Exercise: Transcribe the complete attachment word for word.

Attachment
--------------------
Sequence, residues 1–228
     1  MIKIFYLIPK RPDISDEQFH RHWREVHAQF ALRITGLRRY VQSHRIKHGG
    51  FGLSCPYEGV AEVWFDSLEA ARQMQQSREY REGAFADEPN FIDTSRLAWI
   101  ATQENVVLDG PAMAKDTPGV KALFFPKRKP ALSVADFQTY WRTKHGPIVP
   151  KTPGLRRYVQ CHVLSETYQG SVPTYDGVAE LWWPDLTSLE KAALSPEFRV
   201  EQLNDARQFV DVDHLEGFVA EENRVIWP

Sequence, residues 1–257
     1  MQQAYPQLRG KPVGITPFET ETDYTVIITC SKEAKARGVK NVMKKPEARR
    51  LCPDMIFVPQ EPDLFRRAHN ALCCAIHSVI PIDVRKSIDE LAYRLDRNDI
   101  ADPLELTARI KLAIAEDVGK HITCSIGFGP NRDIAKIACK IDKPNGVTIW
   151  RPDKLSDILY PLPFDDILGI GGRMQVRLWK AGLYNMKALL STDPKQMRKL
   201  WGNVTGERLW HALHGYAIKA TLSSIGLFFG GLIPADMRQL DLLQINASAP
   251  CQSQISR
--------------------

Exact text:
Sequence, residues 1–228
     1  MIKIFYLIPK RPDISDEQFH RHWREVHAQF ALRITGLRRY VQSHRIKHGG
    51  FGLSCPYEGV AEVWFDSLEA ARQMQQSREY REGAFADEPN FIDTSRLAWI
   101  ATQENVVLDG PAMAKDTPGV KALFFPKRKP ALSVADFQTY WRTKHGPIVP
   151  KTPGLRRYVQ CHVLSETYQG SVPTYDGVAE LWWPDLTSLE KAALSPEFRV
   201  EQLNDARQFV DVDHLEGFVA EENRVIWP

Sequence, residues 1–257
     1  MQQAYPQLRG KPVGITPFET ETDYTVIITC SKEAKARGVK NVMKKPEARR
    51  LCPDMIFVPQ EPDLFRRAHN ALCCAIHSVI PIDVRKSIDE LAYRLDRNDI
   101  ADPLELTARI KLAIAEDVGK HITCSIGFGP NRDIAKIACK IDKPNGVTIW
   151  RPDKLSDILY PLPFDDILGI GGRMQVRLWK AGLYNMKALL STDPKQMRKL
   201  WGNVTGERLW HALHGYAIKA TLSSIGLFFG GLIPADMRQL DLLQINASAP
   251  CQSQISR